Once again, a bill to study the benefits of a publicly funded, not-for-profit, universal health care system has been brought before the Legislature’s Insurance and Financial Services Committee.

On March 25, 32 people from all walks of life urged the committee to approve that bill. Well known facts were again presented. According to Sen. Geoff Gratwick, M.D., Maine is spending 22 percent of its gross domestic product on health care, while it, along with the rest of the country, ranks between 17th and 35th in worldwide measures of health care quality.

According to Dr. Julie Pease of Physicians for a National Health Plan and president of Maine All Care, per capita spending in Maine is $8,500, while in New Zealand — which has universal health care — per capita spending is approximately $3,000. She estimates there were 130 needless deaths in Maine for lack of health coverage and 1,400 bankruptcies.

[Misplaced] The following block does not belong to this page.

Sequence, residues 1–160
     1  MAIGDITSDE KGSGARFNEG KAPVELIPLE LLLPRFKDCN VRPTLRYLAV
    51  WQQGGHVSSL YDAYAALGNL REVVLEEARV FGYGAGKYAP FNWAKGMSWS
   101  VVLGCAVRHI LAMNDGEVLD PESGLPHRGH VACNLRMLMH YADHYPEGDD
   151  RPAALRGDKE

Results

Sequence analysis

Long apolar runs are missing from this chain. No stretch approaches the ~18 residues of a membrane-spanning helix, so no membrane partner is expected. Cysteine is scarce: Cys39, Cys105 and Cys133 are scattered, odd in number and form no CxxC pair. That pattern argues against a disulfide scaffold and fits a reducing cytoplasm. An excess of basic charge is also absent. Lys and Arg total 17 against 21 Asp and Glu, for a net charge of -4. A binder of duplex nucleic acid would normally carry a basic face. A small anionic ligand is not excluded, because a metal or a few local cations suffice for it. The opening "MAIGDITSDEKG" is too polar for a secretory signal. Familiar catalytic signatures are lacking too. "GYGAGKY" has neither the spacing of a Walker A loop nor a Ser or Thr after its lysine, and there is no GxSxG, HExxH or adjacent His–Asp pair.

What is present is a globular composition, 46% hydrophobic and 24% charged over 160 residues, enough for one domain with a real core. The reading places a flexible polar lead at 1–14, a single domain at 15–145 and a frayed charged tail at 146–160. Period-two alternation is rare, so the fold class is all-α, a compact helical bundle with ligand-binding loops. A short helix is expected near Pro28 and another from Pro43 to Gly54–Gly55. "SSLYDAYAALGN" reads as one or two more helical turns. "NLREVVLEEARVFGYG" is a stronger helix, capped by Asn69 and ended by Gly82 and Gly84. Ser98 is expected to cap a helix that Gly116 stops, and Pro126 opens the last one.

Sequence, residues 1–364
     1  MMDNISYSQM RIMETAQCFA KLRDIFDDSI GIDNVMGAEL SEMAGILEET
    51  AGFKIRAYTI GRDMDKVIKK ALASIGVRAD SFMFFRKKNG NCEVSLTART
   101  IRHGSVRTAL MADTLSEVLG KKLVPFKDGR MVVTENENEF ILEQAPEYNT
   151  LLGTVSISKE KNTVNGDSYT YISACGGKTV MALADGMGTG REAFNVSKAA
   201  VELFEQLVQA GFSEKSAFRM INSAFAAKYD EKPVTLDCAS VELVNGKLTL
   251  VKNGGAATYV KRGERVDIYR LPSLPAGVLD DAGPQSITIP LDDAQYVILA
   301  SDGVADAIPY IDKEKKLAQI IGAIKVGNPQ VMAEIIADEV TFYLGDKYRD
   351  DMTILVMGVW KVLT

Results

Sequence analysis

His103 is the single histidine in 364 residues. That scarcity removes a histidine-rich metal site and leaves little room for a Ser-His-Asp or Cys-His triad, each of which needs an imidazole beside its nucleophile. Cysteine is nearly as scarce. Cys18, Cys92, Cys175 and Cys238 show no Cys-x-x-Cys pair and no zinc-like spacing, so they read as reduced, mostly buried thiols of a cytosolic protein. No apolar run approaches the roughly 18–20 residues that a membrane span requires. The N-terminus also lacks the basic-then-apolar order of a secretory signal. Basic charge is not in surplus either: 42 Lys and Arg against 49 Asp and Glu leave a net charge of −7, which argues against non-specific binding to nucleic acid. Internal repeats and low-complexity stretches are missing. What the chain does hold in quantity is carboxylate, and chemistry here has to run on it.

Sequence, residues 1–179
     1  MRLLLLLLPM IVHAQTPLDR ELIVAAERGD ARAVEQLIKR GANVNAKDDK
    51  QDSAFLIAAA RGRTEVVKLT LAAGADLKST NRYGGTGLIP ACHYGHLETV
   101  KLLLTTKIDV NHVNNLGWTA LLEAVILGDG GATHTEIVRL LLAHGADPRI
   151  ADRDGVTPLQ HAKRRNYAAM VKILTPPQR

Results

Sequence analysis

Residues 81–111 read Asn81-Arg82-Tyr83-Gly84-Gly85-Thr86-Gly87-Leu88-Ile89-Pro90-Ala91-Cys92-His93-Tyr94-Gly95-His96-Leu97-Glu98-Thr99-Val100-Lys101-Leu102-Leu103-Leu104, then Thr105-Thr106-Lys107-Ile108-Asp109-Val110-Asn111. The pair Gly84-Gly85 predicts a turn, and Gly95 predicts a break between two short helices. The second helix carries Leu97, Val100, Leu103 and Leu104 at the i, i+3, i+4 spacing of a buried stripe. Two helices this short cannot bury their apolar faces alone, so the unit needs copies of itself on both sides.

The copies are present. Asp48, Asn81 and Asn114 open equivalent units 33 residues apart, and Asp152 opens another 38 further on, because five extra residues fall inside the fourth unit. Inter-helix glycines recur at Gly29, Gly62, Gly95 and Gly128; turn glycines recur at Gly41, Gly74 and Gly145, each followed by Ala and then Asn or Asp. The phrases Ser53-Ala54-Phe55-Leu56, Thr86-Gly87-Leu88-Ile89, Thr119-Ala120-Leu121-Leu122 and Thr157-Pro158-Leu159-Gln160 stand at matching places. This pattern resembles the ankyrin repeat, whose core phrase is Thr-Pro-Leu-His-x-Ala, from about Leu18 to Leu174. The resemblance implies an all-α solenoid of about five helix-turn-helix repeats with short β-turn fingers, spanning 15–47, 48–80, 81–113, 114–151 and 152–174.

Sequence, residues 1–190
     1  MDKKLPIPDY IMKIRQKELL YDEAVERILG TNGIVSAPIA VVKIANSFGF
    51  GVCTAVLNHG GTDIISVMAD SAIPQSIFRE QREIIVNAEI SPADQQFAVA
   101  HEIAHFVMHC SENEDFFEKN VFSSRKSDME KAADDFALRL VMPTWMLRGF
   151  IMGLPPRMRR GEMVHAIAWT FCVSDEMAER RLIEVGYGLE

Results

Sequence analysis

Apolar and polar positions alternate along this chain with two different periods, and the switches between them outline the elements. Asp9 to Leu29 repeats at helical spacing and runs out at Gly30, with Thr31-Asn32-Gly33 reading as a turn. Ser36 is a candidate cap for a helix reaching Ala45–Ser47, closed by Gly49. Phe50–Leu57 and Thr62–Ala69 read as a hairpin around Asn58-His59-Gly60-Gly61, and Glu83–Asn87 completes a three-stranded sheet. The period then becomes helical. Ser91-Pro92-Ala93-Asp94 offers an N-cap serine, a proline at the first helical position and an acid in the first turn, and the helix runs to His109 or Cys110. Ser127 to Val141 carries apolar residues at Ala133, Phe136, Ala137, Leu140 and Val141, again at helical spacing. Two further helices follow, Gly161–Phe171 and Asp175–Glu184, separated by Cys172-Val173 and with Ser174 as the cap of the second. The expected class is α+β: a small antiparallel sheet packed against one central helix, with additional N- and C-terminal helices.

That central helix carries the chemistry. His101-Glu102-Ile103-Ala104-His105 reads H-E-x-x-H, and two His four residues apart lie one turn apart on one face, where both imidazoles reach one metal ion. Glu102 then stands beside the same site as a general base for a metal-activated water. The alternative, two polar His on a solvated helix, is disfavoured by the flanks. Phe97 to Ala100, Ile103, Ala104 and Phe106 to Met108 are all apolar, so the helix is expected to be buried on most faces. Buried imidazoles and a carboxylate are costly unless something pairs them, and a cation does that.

The editor of Maine All Care, in the monthly publication stated that there were 147,000 Mainers without health insurance in 2013; after “Obamacare,” that figure was 130,000.

The present health care system is appallingly unjust and immoral. The U.S. wastes billions of dollars on profit-driven insurance companies, overpriced services, drugs and medical equipment. Meanwhile, the public is getting third-rate care.

A not-for-profit, universal health care system could not only improve the national health, but cost half as much and help prevent unnecessary deaths and bankruptcies.

This nation needs to look seriously at that option and move in that direction.

John Sytsma, Farmington

Comments are no longer available on this story